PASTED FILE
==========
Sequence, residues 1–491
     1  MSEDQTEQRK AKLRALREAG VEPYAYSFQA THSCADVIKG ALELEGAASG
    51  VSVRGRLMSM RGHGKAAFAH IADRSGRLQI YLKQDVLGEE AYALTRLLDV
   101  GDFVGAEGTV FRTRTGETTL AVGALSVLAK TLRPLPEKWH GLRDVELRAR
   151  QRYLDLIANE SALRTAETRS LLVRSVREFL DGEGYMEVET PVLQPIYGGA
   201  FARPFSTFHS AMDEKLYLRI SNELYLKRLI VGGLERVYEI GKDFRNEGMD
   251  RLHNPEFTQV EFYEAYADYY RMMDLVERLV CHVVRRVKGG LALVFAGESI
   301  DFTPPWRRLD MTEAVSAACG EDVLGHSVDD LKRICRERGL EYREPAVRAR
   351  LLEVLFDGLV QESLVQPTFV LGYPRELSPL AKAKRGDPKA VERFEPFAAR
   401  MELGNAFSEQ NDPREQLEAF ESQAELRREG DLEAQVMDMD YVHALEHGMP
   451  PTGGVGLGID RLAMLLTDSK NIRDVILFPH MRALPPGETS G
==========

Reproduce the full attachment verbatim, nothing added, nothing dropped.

Sequence, residues 1–491
     1  MSEDQTEQRK AKLRALREAG VEPYAYSFQA THSCADVIKG ALELEGAASG
    51  VSVRGRLMSM RGHGKAAFAH IADRSGRLQI YLKQDVLGEE AYALTRLLDV
   101  GDFVGAEGTV FRTRTGETTL AVGALSVLAK TLRPLPEKWH GLRDVELRAR
   151  QRYLDLIANE SALRTAETRS LLVRSVREFL DGEGYMEVET PVLQPIYGGA
   201  FARPFSTFHS AMDEKLYLRI SNELYLKRLI VGGLERVYEI GKDFRNEGMD
   251  RLHNPEFTQV EFYEAYADYY RMMDLVERLV CHVVRRVKGG LALVFAGESI
   301  DFTPPWRRLD MTEAVSAACG EDVLGHSVDD LKRICRERGL EYREPAVRAR
   351  LLEVLFDGLV QESLVQPTFV LGYPRELSPL AKAKRGDPKA VERFEPFAAR
   401  MELGNAFSEQ NDPREQLEAF ESQAELRREG DLEAQVMDMD YVHALEHGMP
   451  PTGGVGLGID RLAMLLTDSK NIRDVILFPH MRALPPGETS G